low-carb, low-fat side dish
perfect for holiday meals
I created the name "Mashed Potaga" since it's a combination of potato and rutabaga. Mashing rutabaga is nothing new. Since rutabaga is not a starchy root vegetable, straight up mashed rutabaga isn't as comforting and creamy as mashed potatoes. By adding just a little potato to mostly rutabaga, the texture becomes comparable and even better because of the distinct, indescribable, good flavor. Mom loves this recipe!
In comparison to mashed potatoes, Mashed Potaga's have less than half the carbohydrates and less than half the calories. And, by making it yourself, you control how much salt is added. This recipe has half the sodium found in typical mashed potatoes.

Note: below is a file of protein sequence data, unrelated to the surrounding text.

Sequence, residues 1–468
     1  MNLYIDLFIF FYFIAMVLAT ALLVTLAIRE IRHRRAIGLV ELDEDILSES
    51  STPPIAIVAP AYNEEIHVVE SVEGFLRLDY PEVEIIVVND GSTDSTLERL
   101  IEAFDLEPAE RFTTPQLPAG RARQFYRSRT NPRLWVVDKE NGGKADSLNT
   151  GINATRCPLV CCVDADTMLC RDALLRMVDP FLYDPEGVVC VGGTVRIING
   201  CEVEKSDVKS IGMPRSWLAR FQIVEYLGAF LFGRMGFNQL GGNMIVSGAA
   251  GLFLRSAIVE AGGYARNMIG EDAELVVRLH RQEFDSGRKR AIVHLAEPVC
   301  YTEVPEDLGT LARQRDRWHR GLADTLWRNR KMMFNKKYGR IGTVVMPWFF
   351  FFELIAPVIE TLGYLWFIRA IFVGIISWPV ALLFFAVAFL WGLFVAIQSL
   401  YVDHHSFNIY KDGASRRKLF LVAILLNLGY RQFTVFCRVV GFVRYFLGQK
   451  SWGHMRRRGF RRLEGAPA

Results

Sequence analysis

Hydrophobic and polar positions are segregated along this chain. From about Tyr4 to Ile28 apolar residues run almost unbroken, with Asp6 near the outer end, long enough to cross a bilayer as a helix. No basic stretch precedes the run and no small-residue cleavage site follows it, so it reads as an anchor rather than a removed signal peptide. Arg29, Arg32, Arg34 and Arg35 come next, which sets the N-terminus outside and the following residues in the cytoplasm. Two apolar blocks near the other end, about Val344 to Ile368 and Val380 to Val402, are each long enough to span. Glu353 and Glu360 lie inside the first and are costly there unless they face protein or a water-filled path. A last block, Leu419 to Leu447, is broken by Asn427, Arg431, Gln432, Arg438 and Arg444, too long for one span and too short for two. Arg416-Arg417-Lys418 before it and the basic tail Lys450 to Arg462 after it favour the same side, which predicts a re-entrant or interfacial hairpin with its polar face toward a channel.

This recipe is another example of healthy cooking on a budget. The approximate cost per person is less than 50 cents. Enjoy!

Yields: 6, one-cup servings

1 large rutabaga (also called waxed turnip)
1 medium potato (can be any kind; we've used Russet)
2 Tablespoons Smart Balance (or butter)
1/2 cup milk (we use 2%)
1 teaspoon horseradish minced
1/2 teaspoon salt

Putting it all together

  • Wash, peel and cut rutabaga into small chunks. 
  • Place in stockpot, cover with water and bring to boil. Cover and simmer 25 minutes or longer depending on how big you chopped the rutabaga. When rutabaga chunks are getting soft, peel and chop the potato into chunks. Add to the same pot. Cook until both potatoes and rutabaga are fully cooked and ready to mash. 
  • Remove the well cooked root vegetables with a slotted spoon. Mash using a ricer or food mill into a bowl. Use a potato masher to mix in the remaining ingredients.